DMX, the Ruff Ryders rapper and hip-hop juggernaut, has died in New York at the age of 50. Known for his explosive anthems and deeply introspective raps, he spearheaded a hardcore rap resurgence in the late ‘90s, through records such as ‘Ruff Ryders Anthem’ and ‘Get At Me Dog’, before going on to solidify himself as one of hip-hop’s true greats.
Born Earl Simmons in Mount Vernon, New York on December 18, 1970, he was the first and only child of Arnett Simmons and Joe Barker. He had a half-sister, Bonita, but after DMX was abandoned by his father as a baby, he and Arnett were forced to live in a home for single mothers, while Bonita was taken care of by his aunt.
Growing up, DMX’s home life wasn’t easy. His mother struggled to raise him, ill-equipped to handle a smart but mischievous child with chronic asthma who quickly became a problematic teen with a penchant for trouble. From there, X found himself in and out of group homes and juvenile detention centres, arrested for stealing and carjacking, all before the age of 18.
But as much as he found himself in darkness, beaten by his mother and downtrodden by a lack of opportunities and his distrust for the world around him, his passion for rapping gave him solace and a hope that he could weather the storm and escape the madness of his upbringing. It was at this point that he discovered a love of stray dogs, which provided a form of protection and strength for him. This lifelong companionship inspired his trademark dog barks in his raps.
DMX (an acronym for Dark Man X) began his foray into music around the mid-‘80s, as a beatboxer and DJ. He later started writing his own raps and performing them at local youth clubs for younger kids. After a stint in prison in 1988, he began taking rap more seriously, spending most of his free time writing lyrics and battling other rappers on the streets. In 1991, he caught the attention of rap magazine The Source, which featured him in its Unsigned Hype column – the same column that has featured The Notorious B.I.G., Mobb Deep, Common and Eminem.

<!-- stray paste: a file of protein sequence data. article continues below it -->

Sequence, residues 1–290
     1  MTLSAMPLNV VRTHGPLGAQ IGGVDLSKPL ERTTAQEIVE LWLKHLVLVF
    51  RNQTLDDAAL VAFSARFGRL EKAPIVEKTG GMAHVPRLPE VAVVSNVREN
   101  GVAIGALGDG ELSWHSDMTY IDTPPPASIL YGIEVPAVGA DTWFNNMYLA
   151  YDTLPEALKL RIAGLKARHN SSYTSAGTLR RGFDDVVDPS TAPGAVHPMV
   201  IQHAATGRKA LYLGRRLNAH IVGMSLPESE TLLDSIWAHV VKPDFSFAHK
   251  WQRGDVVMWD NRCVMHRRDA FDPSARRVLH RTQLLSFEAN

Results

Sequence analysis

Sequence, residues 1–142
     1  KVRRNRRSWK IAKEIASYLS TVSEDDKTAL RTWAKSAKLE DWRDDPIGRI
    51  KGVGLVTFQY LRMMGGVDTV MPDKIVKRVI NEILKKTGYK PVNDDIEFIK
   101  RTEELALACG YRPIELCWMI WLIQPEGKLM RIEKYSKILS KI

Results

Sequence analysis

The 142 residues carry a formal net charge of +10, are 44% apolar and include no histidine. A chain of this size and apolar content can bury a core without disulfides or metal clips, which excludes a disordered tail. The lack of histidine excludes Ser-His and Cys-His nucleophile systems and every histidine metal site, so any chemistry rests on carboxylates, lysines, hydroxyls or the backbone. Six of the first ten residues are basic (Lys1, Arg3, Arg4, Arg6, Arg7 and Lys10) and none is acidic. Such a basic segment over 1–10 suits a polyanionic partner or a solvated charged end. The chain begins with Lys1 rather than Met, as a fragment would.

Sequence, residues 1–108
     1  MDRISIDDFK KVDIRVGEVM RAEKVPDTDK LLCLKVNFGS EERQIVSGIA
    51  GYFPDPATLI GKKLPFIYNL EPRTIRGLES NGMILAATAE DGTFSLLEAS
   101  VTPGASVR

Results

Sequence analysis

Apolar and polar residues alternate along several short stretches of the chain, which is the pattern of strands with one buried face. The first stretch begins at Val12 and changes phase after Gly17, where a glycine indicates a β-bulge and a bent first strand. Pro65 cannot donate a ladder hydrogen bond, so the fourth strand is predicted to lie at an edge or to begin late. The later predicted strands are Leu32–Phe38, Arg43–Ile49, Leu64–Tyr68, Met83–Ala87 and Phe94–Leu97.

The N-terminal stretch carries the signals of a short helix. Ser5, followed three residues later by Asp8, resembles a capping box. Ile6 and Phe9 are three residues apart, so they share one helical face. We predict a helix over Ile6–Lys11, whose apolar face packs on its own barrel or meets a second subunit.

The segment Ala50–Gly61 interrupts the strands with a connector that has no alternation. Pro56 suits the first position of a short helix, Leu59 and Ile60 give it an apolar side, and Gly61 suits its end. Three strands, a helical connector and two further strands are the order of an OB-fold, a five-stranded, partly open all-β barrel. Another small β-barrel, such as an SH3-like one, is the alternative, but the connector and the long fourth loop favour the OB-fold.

Columbia Records subsidiary Ruffhouse signed DMX the following year and released his debut single, ‘Born Loser’. He put out another single in 1994, ‘Make a Move’, but was convicted of drug possession that same year, and wound up back in prison.
Upon his release, X began to rebuild his career. Having been released from Ruffhouse, he joined Ruff Ryders Entertainment, a management company and hip-hop clique – which also launched the careers of Eve, The LOX, Drag-On and Swizz Beatz. In 1997, he earned a second major label shot with hip-hop powerhouse Def Jam Records, which came after a fabled audition where X, who had suffered an injury following an altercation in the streets, rapped for label executive Lyor Cohen with his jaw wired shut.
“DMX gave me the inspiration to keep going at Def Jam when rap became soft and silly,” Cohen said in a statement following X’s death. Feeling the power and passion in his words and delivery, Cohen made X a top priority at Def Jam, kicking off one of the most famous runs in rap history.
Getting straight to work, he delivered an electrifying guest verse on LL Cool J’s ‘4, 3, 2, 1’. “Stay out the dark, ‘cause if I catch you when the sun is down / Run it clown, come up off that, or I’m gon’ gun it down”: his gruff, opening bars were chilling and signalled the emergence of a new type of artist – one who wasn’t afraid to speak his mind, armed with an underground sound ready to take over the mainstream.
His arrival, which included a run of mind-blowing guest spots on tracks such as Ma$e’s ’24 Hours To Live’, The LOX’s ‘Money, Power & Respect’ and Onyx’s ‘Shut ‘Em Down’, led a resurgence for hardcore rap, which had taken a backseat to a more upbeat and almost pop-led sound (known as the ‘jiggy’ era), from Diddy’s disco samples to Master P’s diamond-encrusted rap.
He released his debut album in May 1998. ‘It’s Dark And Hell Is Hot’ exploded onto the scene like a fireball hitting the Earth; it was raw and haunting, the shot in the arm that rap needed, spawning the hits ‘Get At Me Dog’, ‘Stop Being Greedy’, and the classic, Swizz Beat-produced ‘Ruff Ryders Anthem’. The album sold over four million copies in the US in just two years and topped the Billboard chart.